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Innovation and technology policy (ITP) for catching up: a three phase life cycle framework for industrializing economies

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Innovation and technology policy (ITP) for catching up: a three phase life cycle framework for industrializing economies

Autor institucional: NU. CEPAL. Oficina de Buenos Aires Descripción física: 60 páginas. Editorial: ECLAC Data: fevereiro 2007 Signatura: LC/L.2685-P ISBN: 9789211216264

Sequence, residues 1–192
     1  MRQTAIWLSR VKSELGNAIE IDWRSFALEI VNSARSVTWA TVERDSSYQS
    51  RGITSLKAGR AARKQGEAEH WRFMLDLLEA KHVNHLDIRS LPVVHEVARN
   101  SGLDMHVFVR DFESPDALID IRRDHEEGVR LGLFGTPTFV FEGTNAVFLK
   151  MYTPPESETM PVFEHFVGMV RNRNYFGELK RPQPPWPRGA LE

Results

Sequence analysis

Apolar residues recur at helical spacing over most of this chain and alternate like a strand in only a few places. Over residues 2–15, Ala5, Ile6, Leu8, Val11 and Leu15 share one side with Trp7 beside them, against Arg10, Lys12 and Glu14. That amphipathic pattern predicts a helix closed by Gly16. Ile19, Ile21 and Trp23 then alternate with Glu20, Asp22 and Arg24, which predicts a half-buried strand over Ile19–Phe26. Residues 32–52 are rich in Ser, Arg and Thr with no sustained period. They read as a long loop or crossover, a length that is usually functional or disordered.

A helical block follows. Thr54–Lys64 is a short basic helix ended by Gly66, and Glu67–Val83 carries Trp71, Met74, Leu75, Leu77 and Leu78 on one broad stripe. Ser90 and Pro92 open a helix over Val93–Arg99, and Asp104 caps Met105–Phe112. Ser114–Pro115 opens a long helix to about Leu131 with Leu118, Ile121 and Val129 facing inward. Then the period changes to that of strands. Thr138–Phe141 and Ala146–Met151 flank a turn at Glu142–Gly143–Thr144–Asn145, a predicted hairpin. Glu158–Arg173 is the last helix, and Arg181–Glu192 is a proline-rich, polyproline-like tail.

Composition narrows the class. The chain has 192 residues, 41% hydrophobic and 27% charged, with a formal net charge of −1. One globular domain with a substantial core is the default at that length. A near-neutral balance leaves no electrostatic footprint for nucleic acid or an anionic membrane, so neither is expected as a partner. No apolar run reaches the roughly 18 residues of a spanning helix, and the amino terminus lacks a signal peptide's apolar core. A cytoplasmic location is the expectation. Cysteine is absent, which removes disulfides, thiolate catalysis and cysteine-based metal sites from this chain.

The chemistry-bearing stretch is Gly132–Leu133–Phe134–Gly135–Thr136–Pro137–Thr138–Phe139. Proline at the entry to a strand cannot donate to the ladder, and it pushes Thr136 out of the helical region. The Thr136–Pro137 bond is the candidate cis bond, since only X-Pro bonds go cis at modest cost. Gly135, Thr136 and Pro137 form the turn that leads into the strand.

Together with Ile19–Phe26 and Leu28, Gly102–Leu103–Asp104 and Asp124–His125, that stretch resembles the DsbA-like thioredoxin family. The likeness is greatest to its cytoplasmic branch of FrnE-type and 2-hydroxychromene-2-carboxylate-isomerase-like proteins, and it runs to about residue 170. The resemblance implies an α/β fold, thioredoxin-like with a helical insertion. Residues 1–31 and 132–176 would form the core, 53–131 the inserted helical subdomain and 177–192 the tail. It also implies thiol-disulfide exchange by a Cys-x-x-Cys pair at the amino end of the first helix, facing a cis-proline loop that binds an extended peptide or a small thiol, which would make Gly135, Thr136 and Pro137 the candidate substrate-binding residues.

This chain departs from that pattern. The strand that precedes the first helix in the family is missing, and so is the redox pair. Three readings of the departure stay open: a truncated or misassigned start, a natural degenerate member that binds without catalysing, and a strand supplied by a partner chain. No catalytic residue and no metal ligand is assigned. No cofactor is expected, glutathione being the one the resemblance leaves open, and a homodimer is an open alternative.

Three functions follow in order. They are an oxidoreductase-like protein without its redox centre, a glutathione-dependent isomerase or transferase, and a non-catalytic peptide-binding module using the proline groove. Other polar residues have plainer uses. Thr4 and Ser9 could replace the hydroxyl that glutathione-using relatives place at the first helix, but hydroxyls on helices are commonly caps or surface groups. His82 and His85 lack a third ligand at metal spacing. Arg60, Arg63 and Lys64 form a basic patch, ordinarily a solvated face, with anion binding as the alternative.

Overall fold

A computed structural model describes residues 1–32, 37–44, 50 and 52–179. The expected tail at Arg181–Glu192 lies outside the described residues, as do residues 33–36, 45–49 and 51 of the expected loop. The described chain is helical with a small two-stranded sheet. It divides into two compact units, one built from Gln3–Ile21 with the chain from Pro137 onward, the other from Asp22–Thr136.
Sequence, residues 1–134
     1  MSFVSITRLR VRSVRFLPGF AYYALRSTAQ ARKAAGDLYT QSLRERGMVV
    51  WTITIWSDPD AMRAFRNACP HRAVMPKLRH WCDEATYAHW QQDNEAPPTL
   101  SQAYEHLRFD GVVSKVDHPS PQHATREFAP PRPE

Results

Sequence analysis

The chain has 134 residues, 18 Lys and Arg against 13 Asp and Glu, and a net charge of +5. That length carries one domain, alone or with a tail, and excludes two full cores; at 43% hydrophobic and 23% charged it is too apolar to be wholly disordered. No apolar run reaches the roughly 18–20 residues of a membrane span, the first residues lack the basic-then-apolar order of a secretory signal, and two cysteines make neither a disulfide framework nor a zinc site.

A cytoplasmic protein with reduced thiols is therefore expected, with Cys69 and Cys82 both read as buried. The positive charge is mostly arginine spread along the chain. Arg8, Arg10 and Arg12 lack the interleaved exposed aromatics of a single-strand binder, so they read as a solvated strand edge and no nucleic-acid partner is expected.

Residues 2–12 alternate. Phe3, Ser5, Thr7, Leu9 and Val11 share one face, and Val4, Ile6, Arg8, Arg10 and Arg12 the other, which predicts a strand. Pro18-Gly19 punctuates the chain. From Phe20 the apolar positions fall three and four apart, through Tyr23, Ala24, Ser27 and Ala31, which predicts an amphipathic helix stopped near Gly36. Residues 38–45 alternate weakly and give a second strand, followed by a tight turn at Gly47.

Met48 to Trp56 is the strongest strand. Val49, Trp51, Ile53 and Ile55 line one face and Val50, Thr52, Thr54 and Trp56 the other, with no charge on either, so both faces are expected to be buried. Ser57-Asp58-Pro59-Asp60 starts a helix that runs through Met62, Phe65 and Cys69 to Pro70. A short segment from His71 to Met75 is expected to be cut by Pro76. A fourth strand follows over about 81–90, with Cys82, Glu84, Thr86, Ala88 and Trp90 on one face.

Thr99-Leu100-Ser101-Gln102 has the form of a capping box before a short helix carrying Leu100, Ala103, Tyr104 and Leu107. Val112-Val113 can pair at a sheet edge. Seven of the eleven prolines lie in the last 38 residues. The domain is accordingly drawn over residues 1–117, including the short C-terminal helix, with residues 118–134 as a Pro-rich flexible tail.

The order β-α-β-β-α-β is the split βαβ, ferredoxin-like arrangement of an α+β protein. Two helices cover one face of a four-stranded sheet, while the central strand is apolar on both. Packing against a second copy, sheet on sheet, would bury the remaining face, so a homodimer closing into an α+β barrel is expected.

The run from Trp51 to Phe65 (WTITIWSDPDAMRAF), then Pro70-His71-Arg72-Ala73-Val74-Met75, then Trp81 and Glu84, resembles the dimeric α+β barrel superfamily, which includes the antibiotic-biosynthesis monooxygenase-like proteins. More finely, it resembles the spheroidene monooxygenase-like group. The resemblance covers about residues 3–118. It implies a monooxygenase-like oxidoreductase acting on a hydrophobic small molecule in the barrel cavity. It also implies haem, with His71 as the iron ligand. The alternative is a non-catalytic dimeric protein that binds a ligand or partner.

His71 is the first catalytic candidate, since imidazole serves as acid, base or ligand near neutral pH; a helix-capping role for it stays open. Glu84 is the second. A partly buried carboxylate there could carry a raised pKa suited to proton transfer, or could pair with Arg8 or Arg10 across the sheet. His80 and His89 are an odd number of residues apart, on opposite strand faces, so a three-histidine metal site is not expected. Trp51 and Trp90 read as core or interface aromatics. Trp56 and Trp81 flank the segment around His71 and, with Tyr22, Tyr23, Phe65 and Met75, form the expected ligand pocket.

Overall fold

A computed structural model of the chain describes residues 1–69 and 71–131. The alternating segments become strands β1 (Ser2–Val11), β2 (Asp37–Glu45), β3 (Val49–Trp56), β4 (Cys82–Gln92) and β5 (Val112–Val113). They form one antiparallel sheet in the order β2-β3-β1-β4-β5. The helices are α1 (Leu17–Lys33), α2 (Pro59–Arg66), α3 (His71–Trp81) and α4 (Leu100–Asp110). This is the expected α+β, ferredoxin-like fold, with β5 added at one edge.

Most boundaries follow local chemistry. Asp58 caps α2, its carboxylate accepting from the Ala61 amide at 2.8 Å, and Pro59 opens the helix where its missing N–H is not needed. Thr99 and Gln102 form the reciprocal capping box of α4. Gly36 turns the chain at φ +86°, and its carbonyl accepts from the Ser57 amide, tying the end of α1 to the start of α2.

This paper outlines a dynamic, medium/long term Innovation and Technology Policy framework for industrializing economies directed to simulate innovation and to contribute to the eventual creation of high impact innovative entrepreneurial clusters. The paper is predicated on the assumption that while cluster creation policies are possible in many contexts they requires adoption of a System Evolutionary (S/E) perspective to Innovation and Technology Policy. Given the current 'entrepreneurial phase' of the ICT Revolution, support of 'Innovative SMEs' should be one of the axes of an overall strategy of development for a large group of industrializing economies. The three phase policy model proposed here starts with direct Government support, including Horizontal support to Business Sector R&D/Innovation and/or to innovative Small and Medium Sized Enterprise or Start Ups (Phase 1); and culminates with implementation of Targeted or other policies in support of Venture Capital (VC)/ Private Equity (PE) and possibly of other industries. Between these two central policy thrusts an intermediate phase 2 would be implemented with the objective of reinforcing innovation and creating other favorable conditions, including favourable 'demand' conditions and enhanced policy capabilities, for a successful transition to Phase 3. The model is a generic model which allows for different variants reflecting different country contexts, although, throughout, it will emphasize the importance of direct Business Sector support mechanisms at least during Phases 1 and 2. The structure of the policy portfolio will depend on country characteristics and specific institutions; and its changes over time will also reflect in part differences in the policy objectives from phase to phase. As it stands the framework is neither 'formal' nor 'appreciative theory' that is theory which closely follows the facts. This is the result of the paucity of data and the impossibility of undertaking at this stage a cross-country comparative analysis of policy cycles. Still the model as it stands can provide useful pointers to policymakers in a variety of contexts.